Severe neurodevelopmental disability and healthcare needs among survivors of medical and surgical necrotizing enterocolitis: A prospective cohort study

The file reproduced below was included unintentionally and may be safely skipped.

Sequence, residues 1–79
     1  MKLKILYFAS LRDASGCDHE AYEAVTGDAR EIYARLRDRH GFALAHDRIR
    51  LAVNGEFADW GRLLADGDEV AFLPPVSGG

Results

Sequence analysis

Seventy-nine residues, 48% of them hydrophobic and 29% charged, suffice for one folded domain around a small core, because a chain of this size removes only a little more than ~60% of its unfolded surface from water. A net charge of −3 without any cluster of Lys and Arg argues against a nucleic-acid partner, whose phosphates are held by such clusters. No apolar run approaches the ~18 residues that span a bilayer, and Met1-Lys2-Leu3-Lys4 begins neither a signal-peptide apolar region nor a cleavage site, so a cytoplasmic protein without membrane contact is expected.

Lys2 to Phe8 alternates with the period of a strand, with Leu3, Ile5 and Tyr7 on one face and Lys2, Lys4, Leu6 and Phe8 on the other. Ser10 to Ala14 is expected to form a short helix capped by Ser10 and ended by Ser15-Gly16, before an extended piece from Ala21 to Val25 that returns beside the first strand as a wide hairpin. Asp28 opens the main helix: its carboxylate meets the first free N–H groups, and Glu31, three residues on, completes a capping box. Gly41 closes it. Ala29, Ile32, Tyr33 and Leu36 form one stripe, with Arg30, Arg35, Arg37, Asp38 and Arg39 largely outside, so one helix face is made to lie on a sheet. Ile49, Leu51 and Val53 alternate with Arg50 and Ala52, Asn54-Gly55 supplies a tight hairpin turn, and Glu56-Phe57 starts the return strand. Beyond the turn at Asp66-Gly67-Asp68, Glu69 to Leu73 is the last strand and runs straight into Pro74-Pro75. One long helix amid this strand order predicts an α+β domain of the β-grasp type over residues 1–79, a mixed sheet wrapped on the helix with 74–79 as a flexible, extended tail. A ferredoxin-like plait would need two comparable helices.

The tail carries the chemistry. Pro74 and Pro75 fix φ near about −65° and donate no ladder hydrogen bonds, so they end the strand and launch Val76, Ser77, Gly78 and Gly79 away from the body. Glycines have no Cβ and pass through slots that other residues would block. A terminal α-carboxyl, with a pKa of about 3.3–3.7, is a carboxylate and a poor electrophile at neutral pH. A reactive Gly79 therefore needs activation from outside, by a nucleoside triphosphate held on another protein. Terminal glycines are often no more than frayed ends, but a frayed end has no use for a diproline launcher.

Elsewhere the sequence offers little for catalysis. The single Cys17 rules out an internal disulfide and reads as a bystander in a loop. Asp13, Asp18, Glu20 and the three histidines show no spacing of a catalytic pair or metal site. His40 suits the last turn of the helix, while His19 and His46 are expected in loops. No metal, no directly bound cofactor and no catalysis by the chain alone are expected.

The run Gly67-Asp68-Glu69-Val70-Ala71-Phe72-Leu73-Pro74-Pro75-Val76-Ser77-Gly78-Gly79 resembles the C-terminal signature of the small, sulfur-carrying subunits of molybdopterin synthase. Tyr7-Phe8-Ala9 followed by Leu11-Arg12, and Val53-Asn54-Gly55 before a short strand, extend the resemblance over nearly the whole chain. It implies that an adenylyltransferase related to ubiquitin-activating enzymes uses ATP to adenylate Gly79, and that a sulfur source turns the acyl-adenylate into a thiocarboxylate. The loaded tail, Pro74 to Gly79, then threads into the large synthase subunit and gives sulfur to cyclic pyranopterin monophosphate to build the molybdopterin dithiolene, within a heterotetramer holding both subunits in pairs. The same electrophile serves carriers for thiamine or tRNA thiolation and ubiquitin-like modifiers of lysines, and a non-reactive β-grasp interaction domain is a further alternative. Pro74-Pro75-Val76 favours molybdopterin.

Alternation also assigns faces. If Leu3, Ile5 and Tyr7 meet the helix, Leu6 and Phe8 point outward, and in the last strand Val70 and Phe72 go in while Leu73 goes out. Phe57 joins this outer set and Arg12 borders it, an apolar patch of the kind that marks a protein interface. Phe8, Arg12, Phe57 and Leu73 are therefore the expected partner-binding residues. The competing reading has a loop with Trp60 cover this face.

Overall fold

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PURPOSE: This study characterizes neurodevelopmental outcomes and healthcare needs of extremely low birth weight (ELBW) survivors of necrotizing enterocolitis (NEC) compared to ELBW infants without NEC. METHODS: Data were collected prospectively on neonates born 22-27weeks' gestation or 401-1000g at 47 Vermont Oxford Network member centers from 1999 to 2012. Detailed neurodevelopmental evaluations were conducted at 18-24months corrected age. Information regarding rehospitalizations, postdischarge surgeries, and feeding was also collected. "Severe neurodevelopmental disability" was defined as: bilateral blindness, hearing impairment requiring amplification, inability to walk 10 steps with support, cerebral palsy, and/or Bayley Mental or Psychomotor Developmental Index <70. Diagnosis of NEC required both clinical and radiographic findings. RESULTS: There were 9063 children without NEC, 417 with medical NEC, and 449 with surgical NEC evaluated. Significantly higher rates of morbidity were observed among infants with a history of NEC. Those with surgical NEC were more frequently affected across all outcome measures at 18-24months corrected age: 38% demonstrated severe neurodevelopmental disability, nearly half underwent postdischarge operations, and a quarter required tube feeding at home. CONCLUSION: At 18-24months, extremely low birth weight survivors of necrotizing enterocolitis were at markedly increased risk (p<0.001) for severe neurodevelopmental disability, postdischarge surgery, and tube feeding. LEVEL OF EVIDENCE: II (prospective cohort study with <80% follow-up rate).
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